By Robert Mann
If ever a candidate for high public office proved himself disconnected from the worries and fears of average citizens, it was Rep. Bill Cassidy in last Tuesday’s U.S. Senate debate in Shreveport.
A three-term Republican congressman, Cassidy seems to have trouble connecting with the average fellow. His pedantic speaking style was evident during the televised debate with incumbent Sen. Mary Landrieu and Tea Party favorite Rob Maness.
However, it wasn’t Cassidy’s awkward delivery that should worry voters. It is, instead, his appalling ambivalence to the travails of older Americans who rely on Social Security income for survival that should cause concern.
In the debate, Cassidy tried to make a case for raising the Social Security retirement age to 70. For most Baby Boomers, the retirement age is 66, but it’s been gradually inching up so that anyone born after 1959 will not receive full benefits until age 67.
Those were actions taken in 1983 to shore up the system, which Cassidy claims will go “bankrupt” without dire, corrective action. “Bankrupt” is the wrong word, but useful if you want to scare voters. By 2035, the system will only be able to pay 75 percent of earned benefits. Not good, but certainly not bankrupt.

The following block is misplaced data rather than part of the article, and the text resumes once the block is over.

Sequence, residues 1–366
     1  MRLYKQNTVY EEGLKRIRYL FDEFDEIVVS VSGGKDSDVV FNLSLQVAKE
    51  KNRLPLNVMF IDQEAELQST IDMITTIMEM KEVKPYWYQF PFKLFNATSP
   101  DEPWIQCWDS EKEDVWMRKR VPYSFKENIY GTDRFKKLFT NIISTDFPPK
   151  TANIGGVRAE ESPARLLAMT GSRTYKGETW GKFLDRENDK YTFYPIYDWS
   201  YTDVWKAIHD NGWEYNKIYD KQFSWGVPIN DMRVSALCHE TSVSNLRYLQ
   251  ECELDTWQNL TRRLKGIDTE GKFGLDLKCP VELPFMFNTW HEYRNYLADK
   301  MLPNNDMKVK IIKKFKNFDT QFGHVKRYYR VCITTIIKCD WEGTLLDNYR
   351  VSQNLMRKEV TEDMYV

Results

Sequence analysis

Social Security has problems, but they’re not so serious to require the harmful medicine Cassidy prescribes: make older Americans work another three years.
It’s not really Cassidy’s idea. Increasing the retirement age has long been a “solution” for Social Security’s problems, a bulwark against an easier approach that would strengthen the system without the pain and suffering Cassidy recommends.
Raising the income cap for Social Security – thereby expanding its tax base – would solve Social Security’s problems for many decades to come, but corporate titans and Cassidy’s wealthy friends oppose it.
Right now, if you earn $117,000, you pay the exact amount of Social Security taxes that Bill Gates and Warren Buffett pay on their hundreds of millions in annual income. That hardly seems fair, especially when the alternative is forcing millions of older people, many of them with no other income, to continue working physically taxing jobs until they turn 70.
Continue reading on NOLA.com at this link: http://www.nola.com/opinions/index.ssf/2014/10/social_security_retirement_age.html#incart_river—